[Image: NHTSA]

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  • Art Vandelay Art Vandelay on Aug 19, 2019

    You mean the people with the most to gain are overhyping their technology and buying influence with our elected "leaders" to ensure the overhyped tech gets adopted? Boy I am shocked. SHOCKED I say.

  • Snooder Snooder on Aug 20, 2019

    I've said it before and I've said it again. Hyping AV tech as a safety feature was dumb and self defeating from the start. It is NOT safer and never will be. But, it doesnt NEED to be. Nobody buys Cruise Control because its "safe". They buy it because its convenient and makes boring highways miles less shitty. That's what people should be touting. Cars that park themselves. A slightly less dull commute. Automatic braking. Turn signals that kick on when your off ramp is coming up. Maybe the ability to have your car pull up from the parking lot so you dont have to run out into the rain. Etc, etc. Just incremental improvements in the driving experience.

  • Nrd515 I bought an '88 S10 Blazer with the 4.3. We had it 4 years and put just about 48K on it with a bunch of trips to Nebraska and S. Dakota to see relatives. It had a couple of minor issues when new, a piece of trim fell off the first day, and it had a seriously big oil leak soon after we got it. The amazinly tiny starter failed at about 40K, it was fixed under some sort of secret warranty and we got a new Silverado as a loaner. Other than that, and a couple of tires that blew when I ran over some junk on the road, it was a rock. I hated the dash instrumentation, and being built like a gorilla, it was about an inch and a half too narrow for my giant shoulders, but it drove fine, and was my second most trouble free vehicle ever, only beaten by my '82 K5 Blazer, which had zero issues for nearly 50K miles. We sold the S10 to a friend, who had it over 20 years and over 400,000 miles on the original short block! It had a couple of transmissions, a couple of valve jobs, a rear end rebuild at 300K, was stolen and vandalized twice, cut open like a tin can when a diabetic truck driver passed out(We were all impressed at the lack of rust inside the rear quarters at almost 10 years old, and it just went on and on. Ziebart did a good job on that Blazer. All three of his sons learned to drive in it, and it was only sent to the boneyard when the area above the windshield had rusted to the point it was like taking a shower when it rained. He now has a Jeep that he's put a ton of money into. He says he misses the S10's reliablity a lot these days, the Jeep is in the shop a lot.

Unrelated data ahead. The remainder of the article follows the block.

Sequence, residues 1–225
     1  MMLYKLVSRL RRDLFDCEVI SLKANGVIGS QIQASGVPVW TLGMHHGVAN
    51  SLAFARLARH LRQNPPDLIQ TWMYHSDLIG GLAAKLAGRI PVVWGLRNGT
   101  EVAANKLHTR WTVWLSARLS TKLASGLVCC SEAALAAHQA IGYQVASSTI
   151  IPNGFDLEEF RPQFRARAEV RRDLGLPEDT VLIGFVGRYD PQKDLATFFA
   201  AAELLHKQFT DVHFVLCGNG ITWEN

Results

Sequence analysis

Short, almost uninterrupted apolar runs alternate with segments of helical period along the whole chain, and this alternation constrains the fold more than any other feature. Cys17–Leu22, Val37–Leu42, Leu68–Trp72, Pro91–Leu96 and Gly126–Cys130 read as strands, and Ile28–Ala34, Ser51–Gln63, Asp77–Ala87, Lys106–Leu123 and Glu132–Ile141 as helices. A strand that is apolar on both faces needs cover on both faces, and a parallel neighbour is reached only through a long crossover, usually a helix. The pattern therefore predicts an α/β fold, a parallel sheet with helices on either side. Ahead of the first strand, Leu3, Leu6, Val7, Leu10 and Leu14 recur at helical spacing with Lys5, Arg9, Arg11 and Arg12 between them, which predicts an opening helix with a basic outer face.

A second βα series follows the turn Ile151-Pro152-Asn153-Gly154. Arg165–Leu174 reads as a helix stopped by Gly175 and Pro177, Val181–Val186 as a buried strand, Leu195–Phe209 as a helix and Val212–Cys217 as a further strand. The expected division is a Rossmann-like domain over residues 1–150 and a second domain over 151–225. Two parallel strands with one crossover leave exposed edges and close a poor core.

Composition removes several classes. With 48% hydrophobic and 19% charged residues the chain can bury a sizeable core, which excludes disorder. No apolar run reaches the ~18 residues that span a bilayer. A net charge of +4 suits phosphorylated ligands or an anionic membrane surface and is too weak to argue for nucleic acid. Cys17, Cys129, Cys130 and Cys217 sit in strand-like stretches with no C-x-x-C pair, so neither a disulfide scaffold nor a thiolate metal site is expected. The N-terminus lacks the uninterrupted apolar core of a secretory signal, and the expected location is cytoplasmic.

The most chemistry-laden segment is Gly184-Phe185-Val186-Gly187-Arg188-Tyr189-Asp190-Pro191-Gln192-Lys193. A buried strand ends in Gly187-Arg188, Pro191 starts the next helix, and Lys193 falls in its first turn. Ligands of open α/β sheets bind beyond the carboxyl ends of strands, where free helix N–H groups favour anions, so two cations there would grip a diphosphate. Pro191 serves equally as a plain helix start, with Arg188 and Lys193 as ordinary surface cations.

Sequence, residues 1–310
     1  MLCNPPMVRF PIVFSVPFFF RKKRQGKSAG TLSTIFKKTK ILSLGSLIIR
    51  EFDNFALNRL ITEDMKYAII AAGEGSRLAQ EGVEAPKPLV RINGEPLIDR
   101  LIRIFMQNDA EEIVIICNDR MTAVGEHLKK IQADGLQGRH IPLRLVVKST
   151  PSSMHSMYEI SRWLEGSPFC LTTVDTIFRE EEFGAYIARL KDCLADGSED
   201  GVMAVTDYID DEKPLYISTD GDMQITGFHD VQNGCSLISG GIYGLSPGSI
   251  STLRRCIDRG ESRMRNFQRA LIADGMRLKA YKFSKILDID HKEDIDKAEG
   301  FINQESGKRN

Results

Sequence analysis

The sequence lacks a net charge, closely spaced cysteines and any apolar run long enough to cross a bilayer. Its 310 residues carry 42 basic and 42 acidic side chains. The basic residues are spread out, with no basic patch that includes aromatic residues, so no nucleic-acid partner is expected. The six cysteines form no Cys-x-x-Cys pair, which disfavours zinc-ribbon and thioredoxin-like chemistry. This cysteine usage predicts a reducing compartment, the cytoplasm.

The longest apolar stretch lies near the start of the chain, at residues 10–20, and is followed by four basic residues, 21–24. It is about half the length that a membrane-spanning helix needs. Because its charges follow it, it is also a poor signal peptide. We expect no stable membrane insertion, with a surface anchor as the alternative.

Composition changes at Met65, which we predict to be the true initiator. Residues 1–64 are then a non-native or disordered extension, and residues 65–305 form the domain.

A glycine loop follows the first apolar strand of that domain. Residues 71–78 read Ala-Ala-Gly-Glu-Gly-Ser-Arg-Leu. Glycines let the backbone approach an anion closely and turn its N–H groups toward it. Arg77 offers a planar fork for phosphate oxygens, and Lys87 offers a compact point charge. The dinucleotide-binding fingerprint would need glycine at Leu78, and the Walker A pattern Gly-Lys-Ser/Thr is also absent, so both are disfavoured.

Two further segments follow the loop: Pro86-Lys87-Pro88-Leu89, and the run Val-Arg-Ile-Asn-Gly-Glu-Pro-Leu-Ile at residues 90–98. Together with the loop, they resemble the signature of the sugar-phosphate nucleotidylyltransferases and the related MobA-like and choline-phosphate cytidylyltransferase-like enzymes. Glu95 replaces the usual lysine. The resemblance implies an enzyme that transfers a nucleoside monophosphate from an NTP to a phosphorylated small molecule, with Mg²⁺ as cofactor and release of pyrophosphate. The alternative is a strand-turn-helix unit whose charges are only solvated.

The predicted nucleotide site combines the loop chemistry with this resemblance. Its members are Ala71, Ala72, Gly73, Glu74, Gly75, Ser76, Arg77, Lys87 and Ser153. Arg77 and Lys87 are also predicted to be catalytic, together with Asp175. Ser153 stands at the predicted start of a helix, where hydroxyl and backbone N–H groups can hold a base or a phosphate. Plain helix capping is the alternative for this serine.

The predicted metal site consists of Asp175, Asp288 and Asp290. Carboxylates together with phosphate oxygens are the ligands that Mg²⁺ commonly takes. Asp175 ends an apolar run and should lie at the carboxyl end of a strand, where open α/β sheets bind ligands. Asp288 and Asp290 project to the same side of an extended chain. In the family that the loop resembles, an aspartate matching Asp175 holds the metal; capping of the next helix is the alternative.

• Jeff S Most densely populated areas have emission testing and removing catalytic converters and altering pollution devices will cause your vehicle to fail emission testing which could effect renewing license plates. In less populated areas where emission testing is not done there would probably not be any legal consequences and the converter could either be removed or gutted both without having to buy specific parts for bypassing emissions. Tampering with emission systems would make it harder to resell a vehicle but if you plan on keeping the vehicle and literally running it till the wheels fall off there is not much that can be done if there is no emission testing. I did have a cat removed on a car long before mandatory emission testing and it did get better mpgs and it ran better. Also had a cat gutted on my S-10 which was close to 20 years old which increased performance and efficiency but that was in a state that did not require emission testing just that reformulated gas be sold during the Summer months. I would probably not do it again because after market converters are not that expensive on older S-10s compared to many of the newer vehicles. On newer vehicles it can effect other systems that are related to the operating and the running of the vehicle. A little harder to defeat pollution devices on newer vehicles with all the systems run by microprocessors but if someone wants to do it they can. This law could be addressing the modified diesels that are made into coal rollers just as much as the gasoline powered vehicles with cats. You probably will still be able to buy equipment that would modify the performance of a vehicles as long as the emission equipment is not altered.
  • ToolGuy I wonder if Vin Diesel requires DEF.(Does he have issues with Sulfur in concentrations above 15ppm?)
  • ToolGuy Presented for discussion: https://xroads.virginia.edu/~Hyper2/thoreau/civil.html
  • Kevin Ford can do what it's always done. Offer buyouts to retirement age employees, and transfers to operating facilities to those who aren't retirement age. Plus, the transition to electric isn't going to be a finger snap one time event. It's going to occur over a few model years. What's a more interesting question is: Where will today's youth find jobs in the auto industry given the lower employment levels?